How to Become a Preschool Teacher

Learning how to become a preschool teacher is the first step for students who want to devote their careers to introducing young children to the classroom experience. Pursuing a degree in early childhood education is the most critical step toward teaching preschool students.

Students will need to know their state’s regulations on becoming a preschool teacher. Depending on the state, for example, preschool teachers may not be required to attend college, as a high school diploma or certificate will suffice.

More often though, preschool teachers will have to follow a standard protocol for pursuing their future career.

Education Requirements

Preschool teachers are required to hold a high school diploma and certification, at least. However, some states require a bachelor degree in early childhood studies to ensure a firmer foundation in working with preschool children.

According the the Bureau of Labor Statistics, preschool teachers in Head Start programs must have at least an associate degree. However, by 2013, at least 50 percent of preschool teachers in Head Start programs nationwide must have a bachelor’s degree in early childhood education or a related field. As a result, Head Start programs may prefer to hire workers with a bachelor’s degree. Those with a degree in a related field must have experience teaching preschool-age children.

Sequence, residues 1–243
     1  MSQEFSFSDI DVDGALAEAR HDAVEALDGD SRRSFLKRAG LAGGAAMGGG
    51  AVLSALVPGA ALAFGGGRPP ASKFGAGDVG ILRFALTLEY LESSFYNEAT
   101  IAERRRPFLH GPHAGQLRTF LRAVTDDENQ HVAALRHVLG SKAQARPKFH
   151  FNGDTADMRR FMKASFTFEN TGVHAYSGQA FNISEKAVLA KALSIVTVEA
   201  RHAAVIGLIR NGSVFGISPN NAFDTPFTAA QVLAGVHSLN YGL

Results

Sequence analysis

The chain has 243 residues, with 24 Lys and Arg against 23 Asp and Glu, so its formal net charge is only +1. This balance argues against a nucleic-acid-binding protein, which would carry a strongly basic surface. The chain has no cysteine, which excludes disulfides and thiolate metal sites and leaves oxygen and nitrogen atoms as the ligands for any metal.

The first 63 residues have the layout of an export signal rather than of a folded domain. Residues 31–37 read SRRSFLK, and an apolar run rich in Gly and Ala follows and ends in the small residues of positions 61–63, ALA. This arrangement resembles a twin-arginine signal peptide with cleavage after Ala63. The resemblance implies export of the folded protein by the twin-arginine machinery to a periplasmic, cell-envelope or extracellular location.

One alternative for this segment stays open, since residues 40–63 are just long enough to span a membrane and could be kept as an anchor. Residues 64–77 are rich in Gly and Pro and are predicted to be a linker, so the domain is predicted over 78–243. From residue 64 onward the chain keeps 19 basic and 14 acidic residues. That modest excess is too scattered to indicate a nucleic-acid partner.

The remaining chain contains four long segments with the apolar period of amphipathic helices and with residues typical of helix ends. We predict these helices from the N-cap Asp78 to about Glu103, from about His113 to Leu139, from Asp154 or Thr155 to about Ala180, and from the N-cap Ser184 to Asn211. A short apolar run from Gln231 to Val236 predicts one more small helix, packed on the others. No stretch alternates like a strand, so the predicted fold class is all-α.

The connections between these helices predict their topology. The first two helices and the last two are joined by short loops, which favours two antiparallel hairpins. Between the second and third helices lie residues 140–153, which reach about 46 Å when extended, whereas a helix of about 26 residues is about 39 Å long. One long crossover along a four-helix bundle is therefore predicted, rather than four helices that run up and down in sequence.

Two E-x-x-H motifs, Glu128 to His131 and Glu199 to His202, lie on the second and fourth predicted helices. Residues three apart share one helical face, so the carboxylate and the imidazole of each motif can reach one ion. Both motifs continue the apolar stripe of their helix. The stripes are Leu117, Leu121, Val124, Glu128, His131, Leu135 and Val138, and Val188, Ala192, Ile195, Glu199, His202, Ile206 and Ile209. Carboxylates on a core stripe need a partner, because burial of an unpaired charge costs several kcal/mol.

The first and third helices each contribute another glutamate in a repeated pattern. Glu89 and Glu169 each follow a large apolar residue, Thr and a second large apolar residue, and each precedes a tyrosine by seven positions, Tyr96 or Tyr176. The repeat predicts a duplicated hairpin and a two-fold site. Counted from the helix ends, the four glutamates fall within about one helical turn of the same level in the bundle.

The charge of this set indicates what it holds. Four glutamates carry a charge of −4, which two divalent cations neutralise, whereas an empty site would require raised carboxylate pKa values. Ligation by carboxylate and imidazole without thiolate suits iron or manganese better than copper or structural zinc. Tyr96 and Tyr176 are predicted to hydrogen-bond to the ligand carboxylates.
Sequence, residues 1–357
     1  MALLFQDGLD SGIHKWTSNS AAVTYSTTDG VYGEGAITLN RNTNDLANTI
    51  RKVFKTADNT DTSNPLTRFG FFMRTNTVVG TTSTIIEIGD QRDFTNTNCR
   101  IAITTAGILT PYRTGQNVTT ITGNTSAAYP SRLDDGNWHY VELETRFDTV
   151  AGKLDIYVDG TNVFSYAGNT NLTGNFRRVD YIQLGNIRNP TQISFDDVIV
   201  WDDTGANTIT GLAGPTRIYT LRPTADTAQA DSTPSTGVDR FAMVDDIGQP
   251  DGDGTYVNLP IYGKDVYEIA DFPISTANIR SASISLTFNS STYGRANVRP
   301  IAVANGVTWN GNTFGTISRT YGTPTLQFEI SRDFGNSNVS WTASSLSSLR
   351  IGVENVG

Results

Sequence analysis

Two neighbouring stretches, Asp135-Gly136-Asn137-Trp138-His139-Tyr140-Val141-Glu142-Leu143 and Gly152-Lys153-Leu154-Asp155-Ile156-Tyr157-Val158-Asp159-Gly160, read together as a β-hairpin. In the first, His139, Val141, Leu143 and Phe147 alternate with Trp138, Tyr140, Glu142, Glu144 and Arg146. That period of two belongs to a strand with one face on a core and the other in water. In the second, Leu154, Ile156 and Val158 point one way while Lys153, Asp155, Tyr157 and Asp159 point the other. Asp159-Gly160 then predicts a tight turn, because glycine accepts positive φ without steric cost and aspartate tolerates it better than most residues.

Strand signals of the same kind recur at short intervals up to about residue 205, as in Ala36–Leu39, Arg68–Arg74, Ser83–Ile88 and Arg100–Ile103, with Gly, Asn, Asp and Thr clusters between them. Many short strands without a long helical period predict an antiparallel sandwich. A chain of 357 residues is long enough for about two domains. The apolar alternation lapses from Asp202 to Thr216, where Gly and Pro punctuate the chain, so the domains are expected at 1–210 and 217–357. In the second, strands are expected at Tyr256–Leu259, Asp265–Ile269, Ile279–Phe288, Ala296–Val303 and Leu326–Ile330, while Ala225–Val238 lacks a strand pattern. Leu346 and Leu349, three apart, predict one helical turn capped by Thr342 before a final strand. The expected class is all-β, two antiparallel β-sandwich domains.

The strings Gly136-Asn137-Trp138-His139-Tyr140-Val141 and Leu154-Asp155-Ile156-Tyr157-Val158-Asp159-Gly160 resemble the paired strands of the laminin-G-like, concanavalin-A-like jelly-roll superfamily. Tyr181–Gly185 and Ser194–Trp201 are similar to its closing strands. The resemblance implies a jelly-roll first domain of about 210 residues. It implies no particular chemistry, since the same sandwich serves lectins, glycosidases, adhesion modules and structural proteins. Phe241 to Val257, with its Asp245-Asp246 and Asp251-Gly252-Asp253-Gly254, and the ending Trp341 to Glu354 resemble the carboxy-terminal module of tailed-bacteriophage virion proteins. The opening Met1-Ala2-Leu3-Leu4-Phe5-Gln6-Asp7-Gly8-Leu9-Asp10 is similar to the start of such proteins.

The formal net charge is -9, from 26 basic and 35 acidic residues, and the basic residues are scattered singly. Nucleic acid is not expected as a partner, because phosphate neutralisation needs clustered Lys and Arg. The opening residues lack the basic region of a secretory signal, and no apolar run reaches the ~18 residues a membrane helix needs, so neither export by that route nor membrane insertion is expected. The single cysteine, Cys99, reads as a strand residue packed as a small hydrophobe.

Some states and employers require preschool teachers to have a nationally recognized certification such as the Child Development Associate (CDA) offered by the Council for Professional Recognition, according to the BLS. Requirements to earn the CDA include a high school diploma, experience in the field, and coursework. For more information about the CDA, contact the Council for Professional Recognition.

Some states require preschool teachers to have some work experience in a childcare setting. The amount of experience necessary varies by state. Preschool teachers often start out as childcare workers or teacher assistants, according to the BLS.

Career Options: What Can You Do with an Early Childhood Education Degree?

For those who hold this degree, a career as a preschool teacher is an obvious choice, but it’s not the only one. Graduates may also pursue a career working in Head Start programs, many of which require employees to hold a bachelor’s degree.

An additional benefit to holding a bachelor degree is that it may enable graduates to teach from kindergarten through third grade. It may also help graduates find work as a nanny and lay the groundwork for starting a preschool.

What to Consider if You Pursue Early Childhood Studies

According to the Bureau of Labor Statistics, preschool teaching jobs are expected to rise by 25 percent between 2010 and 2020. The median annual wage for preschool teachers was about $25,000 in 2010, the BLS says.

The BLS adds that workers who have post-secondary education, particularly those with a bachelor’s degree, should have better job prospects than those with less education. In addition, workers with the Child Development Associate (CDA) or Child Care Professional (CCP) credential should have better prospects than those without these certifications.

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